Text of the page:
Writer in Focus: Kelly Foxton

October 27, 2014

Writer in Focus: Kelly Foxton

Kelly Foxton, Author, Isaiah W. Wilson Memorial Library

A library is a place where you can get thousands of perspectives under one roof. -  Kelly Foxton, Author, Isaiah W. Wilson Memorial Library, Digby, NS 

I’m a wildlife artist; I live in Bear River, Nova Scotia and just recently put out a children’s book that I’m author and illustrator of. It’s called Mother Nature Knows. It has seven nature teachings in it. Parents and teachers can use it to help kids understand the issues that the animals are facing.

Is this your first time doing a reading in a library?

Yes, the first time in the library. It’s a natural place for me to be doing this, surrounded by books. 

Can you share a memory from your first library visit?

My first and most exciting memory was the public school library. The librarian was very proactive in including the kids in contests and programs. I entered the contest as an illustrator and won! It was about fire and teaching kids how to exit a building safely. It was educational, and I won a book, which I still have!

What has the library taught you?

Well, to be quiet and let other people concentrate. It was a place to study, learn, and educate yourself. I associate it with data gathering. Growing up I didn’t use a computer for information--I went to the library and pulled books off the shelves. I went to the library and gathered my information from there. It taught me how to interpret that into my own words. There’s always a place of reflection. Whenever I walk into a library I feel a sense of calmness. It’s like coming home.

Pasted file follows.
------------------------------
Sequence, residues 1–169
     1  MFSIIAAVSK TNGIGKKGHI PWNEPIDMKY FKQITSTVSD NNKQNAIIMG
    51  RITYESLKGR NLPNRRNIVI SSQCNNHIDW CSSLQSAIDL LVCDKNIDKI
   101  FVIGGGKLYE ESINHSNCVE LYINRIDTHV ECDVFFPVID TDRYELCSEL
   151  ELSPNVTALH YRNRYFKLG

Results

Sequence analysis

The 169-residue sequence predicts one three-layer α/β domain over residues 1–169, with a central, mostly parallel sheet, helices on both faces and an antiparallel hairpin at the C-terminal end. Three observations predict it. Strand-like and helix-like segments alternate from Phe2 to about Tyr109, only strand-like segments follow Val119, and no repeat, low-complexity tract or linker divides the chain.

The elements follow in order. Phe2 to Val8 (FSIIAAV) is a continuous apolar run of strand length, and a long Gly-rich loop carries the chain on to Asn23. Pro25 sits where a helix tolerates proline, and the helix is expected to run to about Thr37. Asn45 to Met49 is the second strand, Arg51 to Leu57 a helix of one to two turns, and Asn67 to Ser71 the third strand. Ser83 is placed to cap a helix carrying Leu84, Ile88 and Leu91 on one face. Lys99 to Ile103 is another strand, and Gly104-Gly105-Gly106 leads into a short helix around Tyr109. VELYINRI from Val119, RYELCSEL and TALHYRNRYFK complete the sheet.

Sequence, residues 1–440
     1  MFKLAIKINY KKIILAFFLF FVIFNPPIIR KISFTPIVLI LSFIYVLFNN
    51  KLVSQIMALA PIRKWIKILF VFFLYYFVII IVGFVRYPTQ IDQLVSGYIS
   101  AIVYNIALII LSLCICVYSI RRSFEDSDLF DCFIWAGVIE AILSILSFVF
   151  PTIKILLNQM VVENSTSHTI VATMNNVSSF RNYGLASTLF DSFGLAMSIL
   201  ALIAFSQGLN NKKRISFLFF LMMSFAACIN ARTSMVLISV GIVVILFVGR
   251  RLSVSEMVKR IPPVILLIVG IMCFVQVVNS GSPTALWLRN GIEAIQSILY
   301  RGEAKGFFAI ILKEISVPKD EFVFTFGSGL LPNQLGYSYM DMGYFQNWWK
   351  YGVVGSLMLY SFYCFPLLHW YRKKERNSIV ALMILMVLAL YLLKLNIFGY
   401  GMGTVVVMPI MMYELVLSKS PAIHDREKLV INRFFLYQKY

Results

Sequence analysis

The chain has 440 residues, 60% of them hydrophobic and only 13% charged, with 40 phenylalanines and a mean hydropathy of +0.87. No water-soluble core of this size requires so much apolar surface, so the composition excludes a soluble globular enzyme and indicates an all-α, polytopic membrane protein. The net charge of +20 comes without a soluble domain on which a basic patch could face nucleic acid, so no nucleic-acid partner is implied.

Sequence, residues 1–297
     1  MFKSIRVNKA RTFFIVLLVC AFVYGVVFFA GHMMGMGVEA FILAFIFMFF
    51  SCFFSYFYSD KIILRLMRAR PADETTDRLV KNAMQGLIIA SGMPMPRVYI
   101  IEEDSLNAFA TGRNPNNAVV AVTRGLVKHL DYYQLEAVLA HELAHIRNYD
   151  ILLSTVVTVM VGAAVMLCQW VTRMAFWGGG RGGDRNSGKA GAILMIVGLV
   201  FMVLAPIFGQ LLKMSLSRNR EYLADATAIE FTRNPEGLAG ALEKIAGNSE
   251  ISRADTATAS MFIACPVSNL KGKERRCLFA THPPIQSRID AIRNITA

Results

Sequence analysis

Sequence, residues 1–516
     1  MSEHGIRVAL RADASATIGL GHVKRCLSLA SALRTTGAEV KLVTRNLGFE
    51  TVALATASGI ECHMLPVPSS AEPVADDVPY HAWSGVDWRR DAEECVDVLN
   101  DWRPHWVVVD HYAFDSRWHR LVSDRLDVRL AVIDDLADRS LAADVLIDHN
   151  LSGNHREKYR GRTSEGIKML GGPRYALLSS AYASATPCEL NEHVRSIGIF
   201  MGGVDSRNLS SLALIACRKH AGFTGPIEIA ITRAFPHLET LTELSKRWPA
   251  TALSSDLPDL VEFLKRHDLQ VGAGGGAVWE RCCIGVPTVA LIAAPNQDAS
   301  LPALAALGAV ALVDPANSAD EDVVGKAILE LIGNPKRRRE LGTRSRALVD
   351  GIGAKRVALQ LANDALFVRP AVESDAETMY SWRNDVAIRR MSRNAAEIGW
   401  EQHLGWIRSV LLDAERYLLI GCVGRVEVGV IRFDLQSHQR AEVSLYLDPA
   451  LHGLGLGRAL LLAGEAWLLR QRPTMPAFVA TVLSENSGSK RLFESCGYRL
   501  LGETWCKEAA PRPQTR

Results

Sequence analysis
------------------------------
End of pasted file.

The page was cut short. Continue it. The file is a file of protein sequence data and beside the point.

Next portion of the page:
Has the library evolved over time?

I think there’s more of a sense of outreach, in response to the fact we’re a technological age. Everyone I know loves his or her books, and perhaps it’s a little less quiet in libraries. There tends to be less strict rules and it’s more of a community space now, much more relaxed.

How is the library a community space?

I think events like the one tonight, inviting local authors and illustrators to come in and connect person to person with the people that we live with. Having the children in is exciting, as they don’t have a lot of opportunities to come face to face with people like me in their community. Libraries are safe havens that are inspiring. There are so many opportunities to do interesting things. This library in particular makes me want to spend more time here. There’s so many things you can do here that connects people, whether using the computer or meeting people. 

Describe the library in three words:

Inspiring, reflective and opportunities. 

What’s the library’s role in creating storytellers?

We need person-to-person contact--we need each other. We need to listen, process information, and learn how to respond. As a storyteller, I try to engage the audience in what we’re talking about. The messages I talk about are meaningful and speak to everyone as they’re nature based. The library is one place where we can make person-to-person contact in a safe and friendly environment.

What is your favourite book?

As a child it was the Root Cellar, it was a story about a little girl who lived in a farm house and found a root cellar. When she entered she came out in a different time and place. I loved that book because it caused you to think outside the box and also about our connection to history... the history of the land, walking the same path that people walked 500 years ago. I loved that book for that. Most recently I read a lot of children’s books, I love the book In A Nutshell. Of course I would also recommend Mother Nature Knows!